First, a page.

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I have a SortedDictionary as defined like this:

SortedDictionary<TPriority, Queue<TValue>> dict;

But I want to maintain the dict in reverse order. I assume I need set the Comparer, but what comparer do I use for a generic TPriority? Note that TPriority implements IComparable.

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possible duplicate of Reverse Sorted Dictionary in .NET –  nawfal Jun 15 at 10:28

3 Answers 3

up vote 15 down vote accepted

You can create a reverse comparer quite easily:

public sealed class ReverseComparer<T> : IComparer<T> {
    private readonly IComparer<T> inner;
    public ReverseComparer() : this(null) { }
    public ReverseComparer(IComparer<T> inner) {
        this.inner = inner ?? Comparer<T>.Default;
    }
    int IComparer<T>.Compare(T x, T y) { return inner.Compare(y, x); }
}

Now pass that into the constructor for the dictionary:

var dict = new SortedDictionary<TPriority, Queue<TValue>>(
                 new ReverseComparer<TPriority>());
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Beat me to the punch. :-p –  LBushkin May 6 '10 at 21:33
    
Why pass null and then check for it, when you could have passed in Comparer<T>.Default in the first place? –  Mark May 6 '10 at 21:46
    
Tasty use of sealed, readonly and the null-coalescing operator. –  Jesse C. Slicer May 6 '10 at 21:48
1  
Ohh... in case they explicitly pass a null object to the c'tor. That makes sense then. –  Mark May 7 '10 at 0:14
1  
@Mark Ah! I actually work in vb.net not C# and wasn't aware the optioanl parameters were not possible in 3.5 in C# –  Adam Dec 15 '11 at 14:09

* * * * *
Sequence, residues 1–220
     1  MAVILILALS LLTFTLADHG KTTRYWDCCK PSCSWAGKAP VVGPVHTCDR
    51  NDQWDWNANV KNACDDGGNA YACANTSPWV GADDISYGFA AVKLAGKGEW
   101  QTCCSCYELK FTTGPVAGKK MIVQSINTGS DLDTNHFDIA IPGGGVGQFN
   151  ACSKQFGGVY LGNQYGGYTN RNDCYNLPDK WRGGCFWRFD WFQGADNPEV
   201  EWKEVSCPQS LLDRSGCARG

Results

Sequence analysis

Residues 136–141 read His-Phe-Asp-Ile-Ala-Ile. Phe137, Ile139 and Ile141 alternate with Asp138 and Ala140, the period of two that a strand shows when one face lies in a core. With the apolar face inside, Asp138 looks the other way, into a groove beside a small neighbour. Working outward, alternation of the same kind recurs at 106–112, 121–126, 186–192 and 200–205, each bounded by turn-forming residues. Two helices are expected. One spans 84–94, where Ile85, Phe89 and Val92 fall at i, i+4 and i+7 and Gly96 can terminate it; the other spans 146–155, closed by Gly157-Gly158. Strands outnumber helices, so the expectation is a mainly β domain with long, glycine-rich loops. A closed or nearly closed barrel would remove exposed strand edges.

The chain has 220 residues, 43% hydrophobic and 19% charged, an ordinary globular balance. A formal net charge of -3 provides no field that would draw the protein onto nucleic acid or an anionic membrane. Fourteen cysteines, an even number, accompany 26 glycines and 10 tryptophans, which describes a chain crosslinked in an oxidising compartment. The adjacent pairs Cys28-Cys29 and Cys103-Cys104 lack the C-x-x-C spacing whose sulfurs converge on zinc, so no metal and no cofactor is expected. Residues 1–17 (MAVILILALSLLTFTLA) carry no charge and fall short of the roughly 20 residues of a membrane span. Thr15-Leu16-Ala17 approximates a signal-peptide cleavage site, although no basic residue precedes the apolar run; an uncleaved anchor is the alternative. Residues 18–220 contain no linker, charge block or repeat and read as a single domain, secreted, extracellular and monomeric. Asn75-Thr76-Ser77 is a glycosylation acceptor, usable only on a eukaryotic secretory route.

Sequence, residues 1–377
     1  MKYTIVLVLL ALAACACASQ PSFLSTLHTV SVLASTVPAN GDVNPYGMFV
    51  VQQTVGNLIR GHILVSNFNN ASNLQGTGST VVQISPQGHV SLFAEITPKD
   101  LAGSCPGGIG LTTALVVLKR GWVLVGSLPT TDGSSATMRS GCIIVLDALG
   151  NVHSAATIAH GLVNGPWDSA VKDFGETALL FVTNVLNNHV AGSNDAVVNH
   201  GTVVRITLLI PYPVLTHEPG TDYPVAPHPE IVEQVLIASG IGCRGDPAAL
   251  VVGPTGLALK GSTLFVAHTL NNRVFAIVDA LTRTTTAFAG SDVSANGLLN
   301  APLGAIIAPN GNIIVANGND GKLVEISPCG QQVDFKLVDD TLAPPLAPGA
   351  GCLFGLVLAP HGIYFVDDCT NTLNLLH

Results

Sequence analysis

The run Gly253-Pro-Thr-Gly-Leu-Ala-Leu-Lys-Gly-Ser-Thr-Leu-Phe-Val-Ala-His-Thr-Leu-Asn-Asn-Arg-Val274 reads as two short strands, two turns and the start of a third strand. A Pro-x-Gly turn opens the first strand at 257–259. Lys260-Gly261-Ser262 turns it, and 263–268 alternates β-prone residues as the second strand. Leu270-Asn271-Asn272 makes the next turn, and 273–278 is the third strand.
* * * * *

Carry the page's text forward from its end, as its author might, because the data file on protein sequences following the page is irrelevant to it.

If you can use LINQ, you can just do:

dict.Keys.Reverse();

This yields the keys of the collection in reverse order.

EDIT: The SortedDictionary class is assigned a IComparer<T> when it is constructed, and this cannot be changed after the fact. However, you can create a new SortedDictionary<T> from the original:

class ReverseComparer<T> : IComparer<T>  {
   private readonly m_InnerComparer = new Comparer<T>.Default;

   public ReverseComparer( IComparer<T> inner )   {
      m_InnerComparer = inner; }

   public int Compare( T first, T second )  {
       return -m_InnerComparer.Compare( first, second );  }
}

var reverseDict = new SortedDictionary<TPriority, Queue<TValue>>( dict, 
                          new ReverseComparer( Comparer<TPriority>.Default ) );
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Well, I didn't mean that I wanted the keys in reverse order, I meant that I want to maintain the dict in reverse order so that when I iterate over it, it will always be in descending order... –  Mark May 6 '10 at 21:27
    
@Mark:Perhaps then you should not have said that you wanted the keys in reverse order. You should edit your question to make sure it is clear for the benefit of those who search in the future. –  Tom Cabanski May 6 '10 at 21:33
    
@Tom: I didn't say that I "wanted the keys in the reverse order". I said I wanted to sort the keys in reverse order, thereby sorting the dict. I said "keys" to distinguish from sorting the queues/TValues, but I understand where the confusion came from. Amended. –  Mark May 6 '10 at 21:39

I ended up just adding this to my class, as it's the shortest and simplest:

private class ReverseComparer : IComparer<TPriority>
{
    public int Compare(TPriority x, TPriority y) { return y.CompareTo(x); }
}

And then initialize the dict like so:

dict = new SortedDictionary<TPriority, Queue<TValue>>(new ReverseComparer());
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